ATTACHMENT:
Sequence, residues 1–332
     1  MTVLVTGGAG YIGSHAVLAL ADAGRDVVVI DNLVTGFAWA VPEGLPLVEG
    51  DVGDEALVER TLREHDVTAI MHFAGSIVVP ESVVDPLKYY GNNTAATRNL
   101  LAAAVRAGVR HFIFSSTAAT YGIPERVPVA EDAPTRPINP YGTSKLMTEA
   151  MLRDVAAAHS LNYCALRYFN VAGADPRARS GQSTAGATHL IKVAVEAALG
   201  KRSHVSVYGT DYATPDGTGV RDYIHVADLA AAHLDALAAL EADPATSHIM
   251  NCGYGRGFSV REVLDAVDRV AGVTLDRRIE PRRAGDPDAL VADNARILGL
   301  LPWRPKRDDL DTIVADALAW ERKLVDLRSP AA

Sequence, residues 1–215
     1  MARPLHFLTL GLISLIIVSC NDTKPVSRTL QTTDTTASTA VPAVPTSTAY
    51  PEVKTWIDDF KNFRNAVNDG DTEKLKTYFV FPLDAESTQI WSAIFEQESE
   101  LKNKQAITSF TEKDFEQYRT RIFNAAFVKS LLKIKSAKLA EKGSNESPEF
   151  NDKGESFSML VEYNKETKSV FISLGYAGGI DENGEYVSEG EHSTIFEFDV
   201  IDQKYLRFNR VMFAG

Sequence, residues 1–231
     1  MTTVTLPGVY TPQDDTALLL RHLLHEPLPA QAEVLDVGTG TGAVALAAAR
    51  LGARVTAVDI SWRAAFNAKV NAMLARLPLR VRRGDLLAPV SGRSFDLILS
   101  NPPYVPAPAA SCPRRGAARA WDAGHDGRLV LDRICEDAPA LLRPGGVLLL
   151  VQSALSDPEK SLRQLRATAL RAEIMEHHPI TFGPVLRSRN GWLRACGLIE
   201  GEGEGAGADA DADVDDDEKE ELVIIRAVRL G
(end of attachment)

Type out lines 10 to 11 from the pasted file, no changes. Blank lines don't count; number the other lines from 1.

     1  MARPLHFLTL GLISLIIVSC NDTKPVSRTL QTTDTTASTA VPAVPTSTAY
    51  PEVKTWIDDF KNFRNAVNDG DTEKLKTYFV FPLDAESTQI WSAIFEQESE